How we can help students with cerebral palsy to realise their potential
Cerebral palsy (CP) is a most varied condition. It can present as a severe and complex disability with the person being unable to move or speak. Alternatively, the individual might be able to communicate as well as a non-disabled peer but have slight motor problems. There are many shades in between.
Students with CP may have average or above average cognitive ability. Some will have mild, severe or profound learning difficulties. There are a significant number of students with CP who have communication difficulties as well as movement difficulties. Students in this group can be very challenging to accurately assess in terms of cognition. There is a danger that assessors might underestimate ability, meaning that the student does not receive education at a level that meets her needs. While overestimating an individual’s ability might be confusing for the student, imagine how much more difficult her situation is if her cognitive ability is underestimated. The notion of the “least dangerous assumption” has been adopted by a number of practitioners and organisations involved in the teaching and support of this group. The least dangerous assumption examines two scenarios:
Scenario 1: Kim is a student whom we assume has no understanding. We have low expectations and provide her with a curriculum we would deliver to a student who has profound and complex needs. Ten years later we find out that Kim has normal cognition. What have we lost?
Scenario 2: Kim is a student whom we do not understand. We don’t know if she has any understanding. We take a risk and assume that she understands and teach her accordingly. Ten years later we find out that Kim has profound and complex needs. What have we lost?
Assessment and equipment
A useful assessment tool is dynamic assessment. It is often difficult for students with CP to demonstrate their ability with standardised tests, unless they only have a mild form of the condition. Dynamic assessment enables the assessor to observe the student informally, measure what she achieves when she receives appropriate input, and change the approach being used if it is not achieving the goal of supporting the student to learn. In dynamic assessment, the assessor can intervene during the assessment with a view to providing the tools to improve the student’s current level of learning. You may think that this is little more than common sense, and what teachers do every day in the classroom, and you would be right. However, students with disabilities can often be misunderstood and it is the extra mile their teachers travel to ensure that they have examined all the avenues that might support learning that can make all the difference.
Recent developments in technology are offering new opportunities and changing the way we work with students who have movement and communication difficulties. The use of assistive technology (AT) and augmentative and alternative communication (AAC) has transformed the lives of many students who were previously unable to express their thoughts. However, technology is only as supportive as the person presenting it to the student is able to make it. Tablet computers have opened up some great opportunities in the classroom, but it is vexing to read articles in the popular press claiming that individuals have learnt to communicate for the first time in years with the help of a free app. If only life was so simple.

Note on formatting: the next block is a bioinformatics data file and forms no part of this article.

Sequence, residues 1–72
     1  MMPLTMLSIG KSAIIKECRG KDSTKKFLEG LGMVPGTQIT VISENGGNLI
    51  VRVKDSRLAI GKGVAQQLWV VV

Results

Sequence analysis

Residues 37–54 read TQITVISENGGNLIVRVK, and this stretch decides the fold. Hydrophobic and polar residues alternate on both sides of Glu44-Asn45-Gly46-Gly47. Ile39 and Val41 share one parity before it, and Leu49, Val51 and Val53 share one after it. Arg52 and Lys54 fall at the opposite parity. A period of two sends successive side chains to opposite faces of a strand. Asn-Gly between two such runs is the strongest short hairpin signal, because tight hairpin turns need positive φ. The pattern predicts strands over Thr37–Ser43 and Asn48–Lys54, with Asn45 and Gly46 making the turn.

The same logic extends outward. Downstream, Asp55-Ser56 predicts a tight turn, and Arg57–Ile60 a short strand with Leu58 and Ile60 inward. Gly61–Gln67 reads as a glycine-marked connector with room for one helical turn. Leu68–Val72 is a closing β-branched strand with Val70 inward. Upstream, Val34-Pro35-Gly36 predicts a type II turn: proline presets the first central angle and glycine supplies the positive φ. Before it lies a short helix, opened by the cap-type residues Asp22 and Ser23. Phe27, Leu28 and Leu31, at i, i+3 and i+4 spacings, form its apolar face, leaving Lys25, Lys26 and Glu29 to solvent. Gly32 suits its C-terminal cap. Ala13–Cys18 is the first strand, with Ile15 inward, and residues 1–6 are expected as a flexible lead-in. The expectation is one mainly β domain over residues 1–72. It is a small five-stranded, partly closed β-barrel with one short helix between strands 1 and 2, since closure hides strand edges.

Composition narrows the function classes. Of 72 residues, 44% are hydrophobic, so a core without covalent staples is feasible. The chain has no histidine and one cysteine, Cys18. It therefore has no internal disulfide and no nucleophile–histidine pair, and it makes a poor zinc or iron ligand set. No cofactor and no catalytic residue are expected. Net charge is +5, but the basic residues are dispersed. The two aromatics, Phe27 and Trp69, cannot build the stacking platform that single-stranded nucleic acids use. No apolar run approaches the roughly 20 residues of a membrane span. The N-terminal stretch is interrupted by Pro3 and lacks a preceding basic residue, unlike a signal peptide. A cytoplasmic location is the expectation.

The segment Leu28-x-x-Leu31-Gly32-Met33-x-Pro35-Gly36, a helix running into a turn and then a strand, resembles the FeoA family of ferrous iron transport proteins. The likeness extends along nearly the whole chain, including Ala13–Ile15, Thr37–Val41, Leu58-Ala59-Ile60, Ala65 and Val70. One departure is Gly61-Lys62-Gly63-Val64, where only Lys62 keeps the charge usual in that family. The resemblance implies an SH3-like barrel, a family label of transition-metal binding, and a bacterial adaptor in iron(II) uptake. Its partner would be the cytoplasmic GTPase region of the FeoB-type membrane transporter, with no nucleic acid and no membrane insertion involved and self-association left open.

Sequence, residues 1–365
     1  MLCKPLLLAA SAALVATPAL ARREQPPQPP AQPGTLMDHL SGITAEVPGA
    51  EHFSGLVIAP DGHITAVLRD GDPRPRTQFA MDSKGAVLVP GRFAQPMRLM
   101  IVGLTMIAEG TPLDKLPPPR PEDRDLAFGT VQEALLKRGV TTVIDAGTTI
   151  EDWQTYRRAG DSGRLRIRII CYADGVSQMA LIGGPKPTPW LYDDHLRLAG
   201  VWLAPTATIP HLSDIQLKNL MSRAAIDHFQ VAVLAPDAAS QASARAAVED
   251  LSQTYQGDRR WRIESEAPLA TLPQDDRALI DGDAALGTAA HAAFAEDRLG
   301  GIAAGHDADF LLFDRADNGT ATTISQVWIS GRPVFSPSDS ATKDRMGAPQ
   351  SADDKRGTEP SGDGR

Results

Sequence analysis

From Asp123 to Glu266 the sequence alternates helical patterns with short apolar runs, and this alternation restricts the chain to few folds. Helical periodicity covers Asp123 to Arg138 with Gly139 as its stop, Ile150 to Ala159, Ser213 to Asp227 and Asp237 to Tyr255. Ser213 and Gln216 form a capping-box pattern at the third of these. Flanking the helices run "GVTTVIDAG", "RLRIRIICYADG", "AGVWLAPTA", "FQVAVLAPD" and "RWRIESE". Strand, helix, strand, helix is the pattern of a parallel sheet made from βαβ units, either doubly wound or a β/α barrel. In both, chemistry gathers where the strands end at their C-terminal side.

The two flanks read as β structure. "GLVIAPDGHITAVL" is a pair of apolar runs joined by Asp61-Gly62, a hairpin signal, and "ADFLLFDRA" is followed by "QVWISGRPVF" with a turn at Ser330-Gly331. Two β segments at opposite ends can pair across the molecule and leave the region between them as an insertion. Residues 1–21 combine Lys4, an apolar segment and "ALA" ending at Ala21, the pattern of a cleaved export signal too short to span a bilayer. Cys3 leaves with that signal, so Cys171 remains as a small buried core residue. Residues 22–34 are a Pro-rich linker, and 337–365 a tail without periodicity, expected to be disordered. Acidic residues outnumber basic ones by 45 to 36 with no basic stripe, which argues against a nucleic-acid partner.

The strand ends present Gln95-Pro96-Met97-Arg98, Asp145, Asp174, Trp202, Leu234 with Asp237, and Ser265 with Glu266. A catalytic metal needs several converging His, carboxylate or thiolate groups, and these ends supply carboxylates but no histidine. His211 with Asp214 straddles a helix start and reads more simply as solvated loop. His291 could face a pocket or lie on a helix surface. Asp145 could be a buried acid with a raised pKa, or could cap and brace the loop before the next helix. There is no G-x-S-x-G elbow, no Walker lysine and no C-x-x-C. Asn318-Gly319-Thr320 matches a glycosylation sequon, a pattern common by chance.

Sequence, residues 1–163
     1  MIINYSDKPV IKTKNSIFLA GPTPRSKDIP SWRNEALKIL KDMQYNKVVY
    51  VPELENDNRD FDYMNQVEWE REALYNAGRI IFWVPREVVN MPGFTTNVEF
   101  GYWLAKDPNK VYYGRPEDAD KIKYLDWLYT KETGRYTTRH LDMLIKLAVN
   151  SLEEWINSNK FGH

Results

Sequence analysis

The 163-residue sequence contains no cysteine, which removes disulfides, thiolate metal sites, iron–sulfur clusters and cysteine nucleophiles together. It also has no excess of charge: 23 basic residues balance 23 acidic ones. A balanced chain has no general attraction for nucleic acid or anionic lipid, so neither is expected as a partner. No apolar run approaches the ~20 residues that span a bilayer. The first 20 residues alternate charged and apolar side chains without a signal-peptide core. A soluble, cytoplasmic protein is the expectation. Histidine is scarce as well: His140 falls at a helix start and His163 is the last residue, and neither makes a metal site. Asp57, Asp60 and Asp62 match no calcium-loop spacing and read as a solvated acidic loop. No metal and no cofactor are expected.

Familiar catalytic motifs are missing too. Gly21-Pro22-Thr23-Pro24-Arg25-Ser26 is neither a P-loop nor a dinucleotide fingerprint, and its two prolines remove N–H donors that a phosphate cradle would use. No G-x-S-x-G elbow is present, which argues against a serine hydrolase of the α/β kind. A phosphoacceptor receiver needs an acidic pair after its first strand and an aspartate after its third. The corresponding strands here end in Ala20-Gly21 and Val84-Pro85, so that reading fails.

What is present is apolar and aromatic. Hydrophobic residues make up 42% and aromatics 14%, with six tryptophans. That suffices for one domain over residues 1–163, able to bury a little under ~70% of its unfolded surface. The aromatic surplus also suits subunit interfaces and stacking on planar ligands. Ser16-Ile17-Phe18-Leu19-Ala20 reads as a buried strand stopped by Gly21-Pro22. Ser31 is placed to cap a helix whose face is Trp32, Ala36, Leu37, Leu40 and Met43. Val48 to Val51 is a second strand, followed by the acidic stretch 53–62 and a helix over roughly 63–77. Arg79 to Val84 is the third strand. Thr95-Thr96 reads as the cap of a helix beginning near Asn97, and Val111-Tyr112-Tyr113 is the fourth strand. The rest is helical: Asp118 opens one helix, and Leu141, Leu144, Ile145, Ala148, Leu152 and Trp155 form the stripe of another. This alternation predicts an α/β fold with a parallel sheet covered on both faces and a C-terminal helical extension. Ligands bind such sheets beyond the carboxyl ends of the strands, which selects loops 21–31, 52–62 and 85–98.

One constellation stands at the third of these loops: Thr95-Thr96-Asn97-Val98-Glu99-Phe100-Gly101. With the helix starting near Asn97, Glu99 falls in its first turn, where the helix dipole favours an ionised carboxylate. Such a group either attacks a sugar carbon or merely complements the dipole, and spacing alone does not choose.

In reality, the process starts with a comprehensive assessment, performed in conjunction with a local centre or AT and AAC provider who understands the range of technology available. Both the hardware (the machines themselves) and the software (the apps and programmes that go on them) have to be thoroughly analysed to understand the different ways a student might access them. It is then important for the student to trial hardware and software to be sure that the choice made is right for her. Even after this, there will be training and on-going support issues, because technology is not yet reliable enough to be trusted on its own. What’s more, nothing lasts forever and technology moves on all the time, so ongoing re-assessment is essential. It is rare that a tablet computer can provide a total solution to a student’s communication and learning needs, but they can be useful if used to complement other approaches.
Going beyond tablet computers is a range of equipment, including dedicated devices that have been built for the purpose of enabling communication, and computer-based solutions that allow full access to anything on a normal computer, in addition to specialist software that enables communication and learning.
More important than the device, though, is how the student will access it. Access can include:
- direct access by pointing. This might be pointing with a finger, a fist, the eyes or a head pointer. For people using direct access, the size of the screen and the way in which options are arranged on it can make a huge difference to how successful it is
- indirect access such as switch use. A person who is accessing a device with a switch needs software that accepts switch use and an ability to either time their movements or the patience to use one switch to move between choices and a second one to select their choice. There are numerous ways in which switch use can be approached and it is best to consult an AAC assessor to establish the best access route for the individual
- speech recognition software that allows the student to dictate to their device which then translates this to the written word. This can be particularly useful for students with relatively clear speech but with difficulties with movement.
- Other features that can optimise access to learning include, word prediction, spell checking, electronic highlighting, specialist software that is grid based so that the student can target the areas on the screen effectively, and non-specialist software that is adapted for grid-based access.